19 July 2007
Most of us are familiar with the movie "Lady Sings The Blues" starring Diana Ross. It is a fairly good movie, but it has little to do with the real Billie Holiday other than the songs. On July 17, 1959 singer Billie Holiday died of cardiac failure at age 44. Despite her tragic life, she is considered one of the greatest jazz singers of all time.
Born Elinore Fagan she was the illegitimate daughter of guitar player Clarence Holiday. She grew up poor with her mother in Baltimore and by age 12, Holiday was working as a prostitute and singing in the back rooms of bars. She and her mother went to New York when she was 13 or 14, and they were both arrested for prostitution in 1929, when Holiday was 14.
Throughout her tumultuous childhood and teen years, Holiday continued singing. At a club in 1933, a recording executive heard her and persuaded her to start making recordings. Between 1935 and 1942 she made more than 100 records, including "Body and Soul," "Swing, Brother, Swing," and "Laughing at Life."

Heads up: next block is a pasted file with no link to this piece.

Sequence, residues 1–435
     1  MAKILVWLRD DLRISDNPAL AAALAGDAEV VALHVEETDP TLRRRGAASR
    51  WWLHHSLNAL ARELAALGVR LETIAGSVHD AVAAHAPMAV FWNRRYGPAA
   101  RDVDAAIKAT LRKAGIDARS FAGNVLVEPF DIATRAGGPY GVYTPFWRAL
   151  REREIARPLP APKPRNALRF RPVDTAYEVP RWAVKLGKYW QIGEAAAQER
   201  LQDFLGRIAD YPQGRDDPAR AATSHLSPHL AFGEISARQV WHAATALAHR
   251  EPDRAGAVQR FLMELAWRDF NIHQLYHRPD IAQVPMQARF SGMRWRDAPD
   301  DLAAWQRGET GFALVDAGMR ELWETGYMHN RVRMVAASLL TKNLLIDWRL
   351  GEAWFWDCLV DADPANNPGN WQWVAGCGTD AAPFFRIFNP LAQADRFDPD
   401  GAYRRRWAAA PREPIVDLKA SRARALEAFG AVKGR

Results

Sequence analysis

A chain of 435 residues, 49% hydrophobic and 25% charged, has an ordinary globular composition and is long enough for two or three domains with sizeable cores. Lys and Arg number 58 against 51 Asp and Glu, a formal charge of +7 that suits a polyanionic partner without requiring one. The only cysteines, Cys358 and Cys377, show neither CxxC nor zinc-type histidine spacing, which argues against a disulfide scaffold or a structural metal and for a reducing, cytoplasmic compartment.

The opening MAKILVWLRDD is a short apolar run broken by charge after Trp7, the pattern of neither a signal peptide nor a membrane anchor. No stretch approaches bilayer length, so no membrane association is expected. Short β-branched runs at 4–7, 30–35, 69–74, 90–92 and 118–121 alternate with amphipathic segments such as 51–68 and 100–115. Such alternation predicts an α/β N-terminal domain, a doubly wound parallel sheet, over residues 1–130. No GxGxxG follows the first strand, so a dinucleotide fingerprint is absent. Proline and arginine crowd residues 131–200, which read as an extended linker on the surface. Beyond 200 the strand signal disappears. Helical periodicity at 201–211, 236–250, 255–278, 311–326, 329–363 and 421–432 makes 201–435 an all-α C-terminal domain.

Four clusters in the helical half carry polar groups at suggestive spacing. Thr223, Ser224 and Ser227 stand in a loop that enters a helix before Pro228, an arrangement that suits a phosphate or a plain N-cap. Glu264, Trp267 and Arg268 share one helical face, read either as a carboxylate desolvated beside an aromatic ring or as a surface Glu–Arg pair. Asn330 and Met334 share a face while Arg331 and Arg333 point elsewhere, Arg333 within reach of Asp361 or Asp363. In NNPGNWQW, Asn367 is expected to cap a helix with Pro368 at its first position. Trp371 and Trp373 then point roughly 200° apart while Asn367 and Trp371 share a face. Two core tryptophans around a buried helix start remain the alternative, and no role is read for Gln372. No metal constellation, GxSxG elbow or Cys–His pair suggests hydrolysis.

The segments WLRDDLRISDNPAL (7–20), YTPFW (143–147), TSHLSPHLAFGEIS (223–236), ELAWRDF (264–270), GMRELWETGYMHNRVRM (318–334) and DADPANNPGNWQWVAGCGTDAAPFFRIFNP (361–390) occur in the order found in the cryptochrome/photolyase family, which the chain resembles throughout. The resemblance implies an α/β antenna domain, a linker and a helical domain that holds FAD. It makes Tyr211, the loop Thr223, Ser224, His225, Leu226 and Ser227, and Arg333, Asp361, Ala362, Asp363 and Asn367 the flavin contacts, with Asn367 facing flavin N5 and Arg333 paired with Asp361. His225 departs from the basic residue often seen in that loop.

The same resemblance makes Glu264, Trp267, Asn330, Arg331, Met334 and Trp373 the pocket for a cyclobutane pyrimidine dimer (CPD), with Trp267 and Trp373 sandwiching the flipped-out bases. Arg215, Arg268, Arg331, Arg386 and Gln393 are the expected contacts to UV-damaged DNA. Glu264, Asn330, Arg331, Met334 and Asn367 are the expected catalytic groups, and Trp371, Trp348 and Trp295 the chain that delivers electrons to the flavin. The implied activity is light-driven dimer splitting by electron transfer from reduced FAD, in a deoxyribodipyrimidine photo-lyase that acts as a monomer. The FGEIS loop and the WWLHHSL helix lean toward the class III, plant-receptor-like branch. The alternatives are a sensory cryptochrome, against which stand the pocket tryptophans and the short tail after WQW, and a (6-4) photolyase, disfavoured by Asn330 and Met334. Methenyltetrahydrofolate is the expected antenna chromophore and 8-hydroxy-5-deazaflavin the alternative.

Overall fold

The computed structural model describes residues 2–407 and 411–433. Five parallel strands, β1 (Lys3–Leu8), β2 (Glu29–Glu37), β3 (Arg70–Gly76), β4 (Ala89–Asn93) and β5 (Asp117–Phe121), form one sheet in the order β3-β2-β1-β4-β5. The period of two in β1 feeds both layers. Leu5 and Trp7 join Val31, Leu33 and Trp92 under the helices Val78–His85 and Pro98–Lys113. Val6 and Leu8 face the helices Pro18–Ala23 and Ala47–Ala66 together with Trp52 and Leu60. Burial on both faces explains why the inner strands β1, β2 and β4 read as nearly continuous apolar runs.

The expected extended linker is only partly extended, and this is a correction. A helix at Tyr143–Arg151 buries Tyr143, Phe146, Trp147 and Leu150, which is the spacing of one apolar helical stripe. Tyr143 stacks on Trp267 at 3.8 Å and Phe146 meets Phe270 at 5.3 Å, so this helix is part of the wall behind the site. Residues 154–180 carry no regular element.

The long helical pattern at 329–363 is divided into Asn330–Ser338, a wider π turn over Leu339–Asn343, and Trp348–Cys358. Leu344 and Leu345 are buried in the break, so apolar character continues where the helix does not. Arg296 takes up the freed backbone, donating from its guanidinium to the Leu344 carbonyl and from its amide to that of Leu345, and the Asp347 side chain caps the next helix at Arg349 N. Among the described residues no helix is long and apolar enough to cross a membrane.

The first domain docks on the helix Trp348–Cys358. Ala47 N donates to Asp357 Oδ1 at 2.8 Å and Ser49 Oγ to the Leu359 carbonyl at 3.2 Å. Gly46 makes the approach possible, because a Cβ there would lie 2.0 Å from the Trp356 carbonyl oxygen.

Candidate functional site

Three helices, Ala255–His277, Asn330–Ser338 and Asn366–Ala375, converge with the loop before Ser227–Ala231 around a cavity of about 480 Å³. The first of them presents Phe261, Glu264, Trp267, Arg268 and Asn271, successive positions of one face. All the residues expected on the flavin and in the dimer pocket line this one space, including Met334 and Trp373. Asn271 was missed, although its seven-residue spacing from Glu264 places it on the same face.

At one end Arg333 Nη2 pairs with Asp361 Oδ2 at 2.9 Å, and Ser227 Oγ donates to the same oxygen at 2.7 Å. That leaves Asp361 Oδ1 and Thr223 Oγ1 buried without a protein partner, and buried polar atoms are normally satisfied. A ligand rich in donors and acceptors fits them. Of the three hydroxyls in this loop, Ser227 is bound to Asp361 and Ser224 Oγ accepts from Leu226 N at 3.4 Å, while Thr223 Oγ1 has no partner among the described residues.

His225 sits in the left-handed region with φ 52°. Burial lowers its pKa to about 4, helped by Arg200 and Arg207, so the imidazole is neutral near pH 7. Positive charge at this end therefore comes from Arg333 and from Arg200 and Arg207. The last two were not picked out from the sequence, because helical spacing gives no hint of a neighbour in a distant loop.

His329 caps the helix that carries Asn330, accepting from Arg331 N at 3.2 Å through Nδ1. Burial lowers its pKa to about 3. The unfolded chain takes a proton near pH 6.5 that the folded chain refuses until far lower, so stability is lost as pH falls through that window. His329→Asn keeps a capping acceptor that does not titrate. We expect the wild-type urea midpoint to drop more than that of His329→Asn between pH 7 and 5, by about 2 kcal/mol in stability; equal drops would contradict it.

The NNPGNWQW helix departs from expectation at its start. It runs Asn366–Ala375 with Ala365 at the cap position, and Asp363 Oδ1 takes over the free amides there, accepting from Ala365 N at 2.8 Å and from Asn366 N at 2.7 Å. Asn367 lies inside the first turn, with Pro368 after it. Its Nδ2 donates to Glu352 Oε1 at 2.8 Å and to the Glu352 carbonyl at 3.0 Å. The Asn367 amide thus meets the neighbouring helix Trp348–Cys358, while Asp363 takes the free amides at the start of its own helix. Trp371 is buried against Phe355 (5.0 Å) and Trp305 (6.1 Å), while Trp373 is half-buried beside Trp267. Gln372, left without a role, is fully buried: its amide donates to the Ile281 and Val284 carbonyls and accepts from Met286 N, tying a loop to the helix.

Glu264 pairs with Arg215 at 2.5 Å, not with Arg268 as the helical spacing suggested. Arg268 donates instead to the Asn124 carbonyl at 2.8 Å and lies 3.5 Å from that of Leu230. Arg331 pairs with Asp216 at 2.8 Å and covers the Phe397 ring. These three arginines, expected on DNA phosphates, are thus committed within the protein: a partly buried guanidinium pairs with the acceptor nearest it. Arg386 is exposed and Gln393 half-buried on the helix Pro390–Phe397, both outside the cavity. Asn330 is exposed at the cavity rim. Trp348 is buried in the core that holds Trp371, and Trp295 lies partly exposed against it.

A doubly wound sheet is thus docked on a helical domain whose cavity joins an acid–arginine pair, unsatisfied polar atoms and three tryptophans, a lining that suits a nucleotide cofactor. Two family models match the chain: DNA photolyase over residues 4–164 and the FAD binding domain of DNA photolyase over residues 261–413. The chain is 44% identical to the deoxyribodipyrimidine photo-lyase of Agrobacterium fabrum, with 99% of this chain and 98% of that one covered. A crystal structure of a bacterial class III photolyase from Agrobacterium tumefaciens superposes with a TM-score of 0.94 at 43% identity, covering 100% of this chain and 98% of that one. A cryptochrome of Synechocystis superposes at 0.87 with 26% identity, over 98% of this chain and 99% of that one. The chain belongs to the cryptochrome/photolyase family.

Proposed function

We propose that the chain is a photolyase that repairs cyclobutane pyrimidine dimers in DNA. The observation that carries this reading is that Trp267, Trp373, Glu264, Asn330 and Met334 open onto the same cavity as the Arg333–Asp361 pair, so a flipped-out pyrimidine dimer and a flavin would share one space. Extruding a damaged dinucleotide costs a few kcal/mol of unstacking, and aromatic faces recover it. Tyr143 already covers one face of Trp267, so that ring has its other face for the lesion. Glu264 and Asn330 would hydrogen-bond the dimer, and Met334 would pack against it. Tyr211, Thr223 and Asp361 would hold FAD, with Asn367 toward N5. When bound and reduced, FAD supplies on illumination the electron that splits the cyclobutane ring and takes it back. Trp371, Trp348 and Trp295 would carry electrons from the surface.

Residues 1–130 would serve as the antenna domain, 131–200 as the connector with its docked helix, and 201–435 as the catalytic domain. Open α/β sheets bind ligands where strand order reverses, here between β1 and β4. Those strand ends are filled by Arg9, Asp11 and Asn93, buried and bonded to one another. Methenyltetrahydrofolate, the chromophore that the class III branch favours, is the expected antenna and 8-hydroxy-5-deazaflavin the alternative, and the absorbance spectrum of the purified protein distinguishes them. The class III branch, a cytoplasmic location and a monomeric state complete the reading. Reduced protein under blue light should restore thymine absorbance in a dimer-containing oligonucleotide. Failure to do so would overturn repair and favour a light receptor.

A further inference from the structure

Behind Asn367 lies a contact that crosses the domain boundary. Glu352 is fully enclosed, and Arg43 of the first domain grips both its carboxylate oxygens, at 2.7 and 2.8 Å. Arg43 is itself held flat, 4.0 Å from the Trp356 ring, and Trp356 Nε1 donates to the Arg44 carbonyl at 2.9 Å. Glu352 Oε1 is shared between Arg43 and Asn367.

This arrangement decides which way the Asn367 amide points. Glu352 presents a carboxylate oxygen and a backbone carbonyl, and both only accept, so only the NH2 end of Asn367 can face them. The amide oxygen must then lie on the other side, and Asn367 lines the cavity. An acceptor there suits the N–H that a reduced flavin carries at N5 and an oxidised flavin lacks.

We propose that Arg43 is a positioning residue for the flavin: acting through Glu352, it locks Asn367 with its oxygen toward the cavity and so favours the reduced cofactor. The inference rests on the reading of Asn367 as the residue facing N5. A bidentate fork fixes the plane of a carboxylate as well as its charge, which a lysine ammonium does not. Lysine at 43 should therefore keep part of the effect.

In 1956 Billie Holiday sat down with ghostwriter William Dufty and recounted the story of her life. At times to justify the telling of her tale she issues warnings about the dangers of drug use. Certain facts of Holiday’s account of her childhood remain contested but there is no contest over Holiday’s contribution to the jazz vocal tradition. Every discussion about music ends in an anecdote about one of the many sadists, racists, and opportunists that populate her story. She seldom connects the wretchedness of her early life and her later drug use. Between pleas for understanding for addicts she blames herself for not being strong enough to resist heroin. There is rage at the injustices she suffered, but these experiences may have been what made her music so revolutionary, and that in turn render her words so interesting. Ultimately the lesson we take away from her story is not the warnings against drugs, but that sometimes, against the odds, beauty grows where it receives the least bit of sun.
In 1937, she performed at the Apollo Theater. In 1937, she toured with Count Basie and with Artie Shaw in 1938. In 1939, she spent nine months singing regularly at a New York club called Cafe Society, where she became a star. Her emotionally wringing performance of "Strange Fruit," a song about a lynching, became legendary. She gravitated toward the poignant blues songs--"Lover Man," "I Cover the Waterfront," and "God Bless the Child" among them. Holiday was not overtly political but Strange Fruit was an early cry for Civil Rights and perhaps the most powerful protest song of the last century.
Good Morning Heartache